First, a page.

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This year, the House of Representatives, one-third of the Senate, and thirty-nine governors, including ours, are up for election with the first primary election taking place on Mar. 6, 2018. This election will determine if the Republicans will remain in control and be able to act on previous campaign promises.
Since the 2016 election cycle, the Republicans have gained control of the presidency, both chambers of Congress, and the majority of governorships, something that hasn’t happened since 1928. Despite their control though, they have failed to enact major parts of their platform. Obamacare remains mostly intact and immigration reform has not yet been heard from. However, they also have begun to deliver on some campaign promises: For example, in December the Republicans passed the largest tax overhaul since the 1980s, giving Trump the first major legislative victory of his presidency. In addition to the tax bill, there are other smaller pieces of success the Republicans saw last year.
“I feel that Republicans have passed new laws, suspend immigration for terror-prone countries, construction on the wall has begun, Neil Gorsuch has been confirmed, and he [Trump] has repealed many federal regulations,” said Freshmen Ian Pasek, a self-described Republican and Trump supporter. “Trump himself has also put aside $550 billion for infrastructure, and has recognized Jerusalem as the capital of Israel, one of his biggest promises.”
Regardless of their work, the GOP’s ability to work on its promised agenda hangs in the balance with the 2018 midterm elections quickly approaching. After very troublesome results in the Virginia Gubernatorial Election and the upset win of Democrat Doug Jones in Alabama, the GOP’s majority is shrinking, and may not survive the midterm elections.
“It doesn’t worry me too much. Trump still has a legion of supporters, and with regards to Alabama, it was inevitable that the Alabamians would not elect a pedophile,” Pasek said. “Virginia is a risk, but I do believe the Republicans will pull through the elections with majorities in both chambers of Congress.”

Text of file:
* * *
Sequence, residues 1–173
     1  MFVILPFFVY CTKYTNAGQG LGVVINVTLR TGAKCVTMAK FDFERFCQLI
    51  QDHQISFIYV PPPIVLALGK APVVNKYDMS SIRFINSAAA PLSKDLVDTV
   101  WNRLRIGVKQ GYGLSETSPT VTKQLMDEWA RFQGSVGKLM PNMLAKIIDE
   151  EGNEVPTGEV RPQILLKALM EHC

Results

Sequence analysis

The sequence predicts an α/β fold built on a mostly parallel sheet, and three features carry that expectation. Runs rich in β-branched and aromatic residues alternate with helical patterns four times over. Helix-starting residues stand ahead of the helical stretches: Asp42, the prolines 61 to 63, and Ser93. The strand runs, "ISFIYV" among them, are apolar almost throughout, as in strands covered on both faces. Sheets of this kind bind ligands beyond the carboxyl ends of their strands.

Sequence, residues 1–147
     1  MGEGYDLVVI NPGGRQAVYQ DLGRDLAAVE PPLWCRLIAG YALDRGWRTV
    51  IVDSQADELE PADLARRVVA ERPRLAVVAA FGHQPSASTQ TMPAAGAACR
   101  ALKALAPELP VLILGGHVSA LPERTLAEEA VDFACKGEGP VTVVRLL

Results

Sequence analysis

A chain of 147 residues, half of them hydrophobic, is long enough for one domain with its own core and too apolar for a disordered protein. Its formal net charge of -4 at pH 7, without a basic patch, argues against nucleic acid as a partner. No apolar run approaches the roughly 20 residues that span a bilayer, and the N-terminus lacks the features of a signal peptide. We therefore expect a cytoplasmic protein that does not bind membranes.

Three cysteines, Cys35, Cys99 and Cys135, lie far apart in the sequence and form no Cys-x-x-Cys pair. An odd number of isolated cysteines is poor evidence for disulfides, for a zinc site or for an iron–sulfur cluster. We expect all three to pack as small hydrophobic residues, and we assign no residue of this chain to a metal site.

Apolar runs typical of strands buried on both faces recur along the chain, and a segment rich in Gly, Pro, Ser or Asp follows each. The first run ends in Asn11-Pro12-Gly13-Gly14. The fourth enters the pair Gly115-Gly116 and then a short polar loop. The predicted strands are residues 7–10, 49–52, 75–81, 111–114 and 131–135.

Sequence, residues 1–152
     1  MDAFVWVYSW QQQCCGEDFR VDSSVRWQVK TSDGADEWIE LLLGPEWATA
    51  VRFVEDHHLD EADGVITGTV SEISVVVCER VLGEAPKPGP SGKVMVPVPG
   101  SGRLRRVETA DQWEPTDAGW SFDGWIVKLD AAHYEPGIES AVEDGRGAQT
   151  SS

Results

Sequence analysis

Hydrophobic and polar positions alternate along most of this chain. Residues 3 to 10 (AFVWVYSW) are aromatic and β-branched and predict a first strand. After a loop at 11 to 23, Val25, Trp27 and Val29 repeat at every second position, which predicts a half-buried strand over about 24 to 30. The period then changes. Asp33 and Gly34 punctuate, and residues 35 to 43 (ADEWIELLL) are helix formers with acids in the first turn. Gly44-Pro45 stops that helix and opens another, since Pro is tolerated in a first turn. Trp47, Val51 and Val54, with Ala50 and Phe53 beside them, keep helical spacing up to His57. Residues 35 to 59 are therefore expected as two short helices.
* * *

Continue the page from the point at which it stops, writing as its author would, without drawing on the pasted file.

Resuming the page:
However, polls suggest Republican leaders should be worried, since it’s projected that Democratic voters will come out in droves for the midterm elections, and effectively do what the Republicans did in 2010, flip the House. There are some circumstantial matters that may have led to such a large swing for the Republicans in 2010, but the polls still stand.
“I believe Congress will go to the Democrats in 2018 because Trump is a historically unpopular president who ran as a Republican,” Senior Chase Olson said. “Our president now represents the epitome of the Republicans, which people do not like, therefore I feel they would lean more Democratic now because they haven’t had an issue like people do with Trump.”
In addition to the congressional midterm elections, Illinois is having a gubernatorial election (election of the governor) in November. Current Governor Bruce Rauner (R) will be running for reelection to a second term after winning the 2014 election against Democrat Governor Pat Quinn. In a reliably Democratic state, Rauner will face a significant challenge, but he also does not face any scandalous past events that have brought down several former governors.
So, make sure to continue to follow any news surrounding the elections, because the people that are elected today, are the people that will represent us tomorrow.